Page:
Everyone wants to be a hero.
Here we are, in the middle of the covid-19 crisis. Some people are sure the precautions are an over-reaction. Others, like me, would much rather err on the side of caution, particularly since a close family member is immune-suppressed due to life-saving organ transplants.
When we envision heroic actions, we think in terms of grand gestures, daring deeds that risk lives, feats of strength and visible courage. That doesn’t apply at the moment.
But crisis or no, heroes are among us every day. Heroes donated organs so someone else could live. Less dramatically, but of great importance, within my own family, a single mother is raising a special needs child. Another busy mother is providing care and comfort to her own elderly and failing mother. Partners are coping with their loved ones’ health crises. Young and not-so-young adults are going out to work because they provide essential services to those in need. And all of us, like you, are simply staying away from people, no matter how much we miss the interaction.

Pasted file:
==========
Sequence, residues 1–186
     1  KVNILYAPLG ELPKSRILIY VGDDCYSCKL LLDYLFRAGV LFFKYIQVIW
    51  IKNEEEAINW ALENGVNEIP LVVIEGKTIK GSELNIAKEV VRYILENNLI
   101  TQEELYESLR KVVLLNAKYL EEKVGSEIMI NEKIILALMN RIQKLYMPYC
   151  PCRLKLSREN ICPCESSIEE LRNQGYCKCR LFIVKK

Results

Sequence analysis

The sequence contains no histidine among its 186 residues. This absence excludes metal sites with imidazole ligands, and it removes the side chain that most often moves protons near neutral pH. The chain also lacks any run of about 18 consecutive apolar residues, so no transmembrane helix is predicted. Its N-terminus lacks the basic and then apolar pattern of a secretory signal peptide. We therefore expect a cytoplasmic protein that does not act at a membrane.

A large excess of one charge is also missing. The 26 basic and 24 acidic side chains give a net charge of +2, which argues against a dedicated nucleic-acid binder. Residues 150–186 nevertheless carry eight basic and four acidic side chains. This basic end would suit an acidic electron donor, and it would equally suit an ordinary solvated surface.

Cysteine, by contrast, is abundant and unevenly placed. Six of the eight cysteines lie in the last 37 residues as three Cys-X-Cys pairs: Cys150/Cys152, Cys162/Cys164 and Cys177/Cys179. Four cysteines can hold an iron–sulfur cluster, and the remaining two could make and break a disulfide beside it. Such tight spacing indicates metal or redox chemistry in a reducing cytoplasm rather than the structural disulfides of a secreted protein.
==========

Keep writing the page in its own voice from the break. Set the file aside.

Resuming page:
We can be heroes. But how do we learn what it takes?
We observe real-life heroic sacrifices. We watch movies. We read books.
As we weather this crisis together, let’s continue to take breaks for relaxation and entertainment so we will have the strength to do whatever is needed. Even if all we have to do is sit on the couch.